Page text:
COMMISSION PLAYING CAT AND MOUSE OVER EURATOM LOANS.
At a time when the Council of Ministers is studying European Commission proposals to boost the scope and ceiling of Euratom loans, questions are being raised about their real motives.
A non-paper drawn up in the wake of a meeting involving financial advisors to the Member States' Permanent Representatives to the EU (COREPER) suggests that Euratom loans may be contemplated to complete construction work on a series of Russian reactor units in Kalinine, Balokovo, Rostov and Kursk. The Kursk site is the more worrying case, as it the only Chernobyl-style RBMK reactor in the series. It seems a bit paradoxical to ask Lithuania to close down its plant in Ignalina (also using RBMK reactors), whilst helping Russia to get another one started up.
The European Commission has been strongly denying that this is afoot, but who knows what to believe. The non-paper that at least 15 Member States have received, or the Commission, which is allowing all these doubts to persist.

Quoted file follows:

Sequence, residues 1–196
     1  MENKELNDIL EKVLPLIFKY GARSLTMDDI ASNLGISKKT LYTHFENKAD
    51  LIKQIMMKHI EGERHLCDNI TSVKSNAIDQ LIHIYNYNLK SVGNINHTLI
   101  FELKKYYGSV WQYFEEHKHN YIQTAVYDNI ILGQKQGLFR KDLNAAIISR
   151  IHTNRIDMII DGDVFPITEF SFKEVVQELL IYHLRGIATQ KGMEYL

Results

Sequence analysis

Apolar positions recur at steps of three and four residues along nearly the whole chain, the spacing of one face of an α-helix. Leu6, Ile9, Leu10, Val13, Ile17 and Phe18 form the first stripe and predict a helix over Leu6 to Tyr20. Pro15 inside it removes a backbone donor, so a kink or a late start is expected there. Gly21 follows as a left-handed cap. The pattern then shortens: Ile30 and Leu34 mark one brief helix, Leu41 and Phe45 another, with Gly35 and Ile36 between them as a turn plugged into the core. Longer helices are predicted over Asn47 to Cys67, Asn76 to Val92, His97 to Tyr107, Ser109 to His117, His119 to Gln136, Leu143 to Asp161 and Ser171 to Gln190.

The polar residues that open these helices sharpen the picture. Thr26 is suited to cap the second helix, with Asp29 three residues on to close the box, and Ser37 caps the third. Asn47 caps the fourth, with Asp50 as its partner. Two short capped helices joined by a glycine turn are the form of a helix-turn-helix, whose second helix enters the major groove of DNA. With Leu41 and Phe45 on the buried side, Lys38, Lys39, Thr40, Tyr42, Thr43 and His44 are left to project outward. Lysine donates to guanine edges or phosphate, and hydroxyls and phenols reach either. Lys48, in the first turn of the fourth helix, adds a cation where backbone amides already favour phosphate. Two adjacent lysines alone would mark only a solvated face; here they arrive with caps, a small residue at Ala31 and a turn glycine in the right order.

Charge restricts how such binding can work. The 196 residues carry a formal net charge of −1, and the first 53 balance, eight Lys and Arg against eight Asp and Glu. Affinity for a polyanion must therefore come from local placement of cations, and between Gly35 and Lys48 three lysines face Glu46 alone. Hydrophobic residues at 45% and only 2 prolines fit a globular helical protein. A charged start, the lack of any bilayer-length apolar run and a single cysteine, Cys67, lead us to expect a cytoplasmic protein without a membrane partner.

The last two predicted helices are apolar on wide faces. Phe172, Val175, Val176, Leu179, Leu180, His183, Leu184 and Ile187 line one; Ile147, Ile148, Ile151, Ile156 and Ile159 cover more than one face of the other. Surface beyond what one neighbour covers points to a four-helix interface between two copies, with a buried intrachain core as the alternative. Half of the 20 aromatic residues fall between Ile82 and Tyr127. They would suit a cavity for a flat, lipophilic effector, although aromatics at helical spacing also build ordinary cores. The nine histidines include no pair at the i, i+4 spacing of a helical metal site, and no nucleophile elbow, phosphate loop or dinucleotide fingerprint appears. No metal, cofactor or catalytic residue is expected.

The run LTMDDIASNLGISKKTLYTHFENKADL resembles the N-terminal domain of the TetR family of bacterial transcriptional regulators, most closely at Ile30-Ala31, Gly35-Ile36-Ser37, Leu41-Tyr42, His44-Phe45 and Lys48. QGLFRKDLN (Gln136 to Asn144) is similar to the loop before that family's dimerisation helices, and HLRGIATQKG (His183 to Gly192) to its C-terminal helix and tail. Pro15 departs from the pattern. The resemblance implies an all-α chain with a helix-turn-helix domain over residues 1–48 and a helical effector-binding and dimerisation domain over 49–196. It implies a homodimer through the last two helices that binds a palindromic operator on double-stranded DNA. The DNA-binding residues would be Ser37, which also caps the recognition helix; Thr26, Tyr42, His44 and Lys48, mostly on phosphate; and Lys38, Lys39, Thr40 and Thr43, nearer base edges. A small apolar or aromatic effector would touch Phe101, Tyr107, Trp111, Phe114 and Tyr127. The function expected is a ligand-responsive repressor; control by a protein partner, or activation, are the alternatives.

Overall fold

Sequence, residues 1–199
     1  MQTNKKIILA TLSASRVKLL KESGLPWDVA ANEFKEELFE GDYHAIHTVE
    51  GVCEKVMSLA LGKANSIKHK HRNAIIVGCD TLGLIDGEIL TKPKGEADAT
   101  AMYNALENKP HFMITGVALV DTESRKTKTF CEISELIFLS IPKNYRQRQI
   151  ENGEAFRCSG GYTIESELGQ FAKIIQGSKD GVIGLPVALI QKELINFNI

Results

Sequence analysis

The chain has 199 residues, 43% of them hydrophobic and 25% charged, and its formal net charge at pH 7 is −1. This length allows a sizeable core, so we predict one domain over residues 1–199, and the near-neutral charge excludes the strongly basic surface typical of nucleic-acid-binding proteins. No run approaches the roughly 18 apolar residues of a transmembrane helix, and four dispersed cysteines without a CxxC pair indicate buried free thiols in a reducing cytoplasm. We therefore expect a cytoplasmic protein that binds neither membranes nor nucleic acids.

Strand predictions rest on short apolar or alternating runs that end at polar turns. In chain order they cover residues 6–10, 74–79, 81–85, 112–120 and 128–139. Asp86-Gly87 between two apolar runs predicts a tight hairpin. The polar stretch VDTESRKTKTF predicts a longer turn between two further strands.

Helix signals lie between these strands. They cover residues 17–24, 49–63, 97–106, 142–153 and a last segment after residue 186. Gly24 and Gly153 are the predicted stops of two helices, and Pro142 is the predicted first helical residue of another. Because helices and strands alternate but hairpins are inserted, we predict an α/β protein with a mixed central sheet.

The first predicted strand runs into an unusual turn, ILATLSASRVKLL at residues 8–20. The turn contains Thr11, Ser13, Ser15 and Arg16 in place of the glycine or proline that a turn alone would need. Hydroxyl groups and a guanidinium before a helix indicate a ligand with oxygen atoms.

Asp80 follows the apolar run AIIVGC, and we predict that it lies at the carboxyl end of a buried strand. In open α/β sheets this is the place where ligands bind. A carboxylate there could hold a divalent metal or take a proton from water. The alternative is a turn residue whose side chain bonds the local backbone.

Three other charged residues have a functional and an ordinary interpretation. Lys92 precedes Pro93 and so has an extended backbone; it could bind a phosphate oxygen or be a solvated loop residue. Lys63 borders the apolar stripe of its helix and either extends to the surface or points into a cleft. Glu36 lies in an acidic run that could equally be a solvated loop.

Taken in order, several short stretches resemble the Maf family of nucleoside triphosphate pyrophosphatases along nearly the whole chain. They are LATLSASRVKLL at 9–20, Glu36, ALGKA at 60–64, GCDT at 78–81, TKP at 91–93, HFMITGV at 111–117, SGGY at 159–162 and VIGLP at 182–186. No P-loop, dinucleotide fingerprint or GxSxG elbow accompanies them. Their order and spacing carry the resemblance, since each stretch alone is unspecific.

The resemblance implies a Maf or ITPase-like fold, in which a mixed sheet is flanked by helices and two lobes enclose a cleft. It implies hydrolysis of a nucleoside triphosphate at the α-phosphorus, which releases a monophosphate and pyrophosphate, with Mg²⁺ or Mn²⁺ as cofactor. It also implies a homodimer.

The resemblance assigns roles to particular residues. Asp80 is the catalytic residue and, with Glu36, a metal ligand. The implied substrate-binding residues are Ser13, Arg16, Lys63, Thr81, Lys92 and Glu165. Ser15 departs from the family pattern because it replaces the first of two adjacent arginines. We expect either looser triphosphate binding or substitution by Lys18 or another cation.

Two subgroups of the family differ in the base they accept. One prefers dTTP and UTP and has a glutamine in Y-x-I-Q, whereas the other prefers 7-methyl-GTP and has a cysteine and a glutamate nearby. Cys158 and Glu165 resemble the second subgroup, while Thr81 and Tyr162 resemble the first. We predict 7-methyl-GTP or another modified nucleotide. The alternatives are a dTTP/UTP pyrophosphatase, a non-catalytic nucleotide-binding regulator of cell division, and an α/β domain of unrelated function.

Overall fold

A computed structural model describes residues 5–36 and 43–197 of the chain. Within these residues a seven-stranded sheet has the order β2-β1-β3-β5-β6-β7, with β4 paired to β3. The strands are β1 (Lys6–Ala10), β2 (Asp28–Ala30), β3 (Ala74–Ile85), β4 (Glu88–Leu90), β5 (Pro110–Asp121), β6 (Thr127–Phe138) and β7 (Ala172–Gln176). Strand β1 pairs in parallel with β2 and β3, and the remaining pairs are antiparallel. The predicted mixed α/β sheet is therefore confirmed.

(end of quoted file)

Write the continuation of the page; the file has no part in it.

The same sort of questions have been raised about the K2R4 project (financing of the completion and safety upgrade of two Ukrainian nuclear power plants - Khmelnitsky 2 and Rivne 4 - to replace the Chernobyl facility). This EBRD funding project has been turned down by Ukraine, although a lot of progress had been made with it. On the record, the Commission regards it as a "transaction", which allows it to refer to an overrun on a Euratom lending limit, thereby calling for the ceiling to be raised. Everything is intertwined. But to start with, what about the Ukraine loan? Does this mean going back to square one or is the idea to wait forever for Ukraine to give into the ERBD's basic requirements? Or alternatively are the requirements going to be relaxed so the lending operation can indeed go ahead.
The Commission is not really very clear about its Euratom lending policy. For example, the loans should be used for decommissioning projects, which theoretically rules out any profit making. How can the term "loan" be justified because the projects do not have any loan securities? Mountains of questions and molehills of answers from the Commission. Meanwhile, the Member States within the Council are cogitating endlessly about the majority support required to adopt the Commission proposals about raising the ceiling and extending the scope of Euratom loans. It might be just as well to set the record straight on this matter before proceeding to take decisions of such political or financial importance.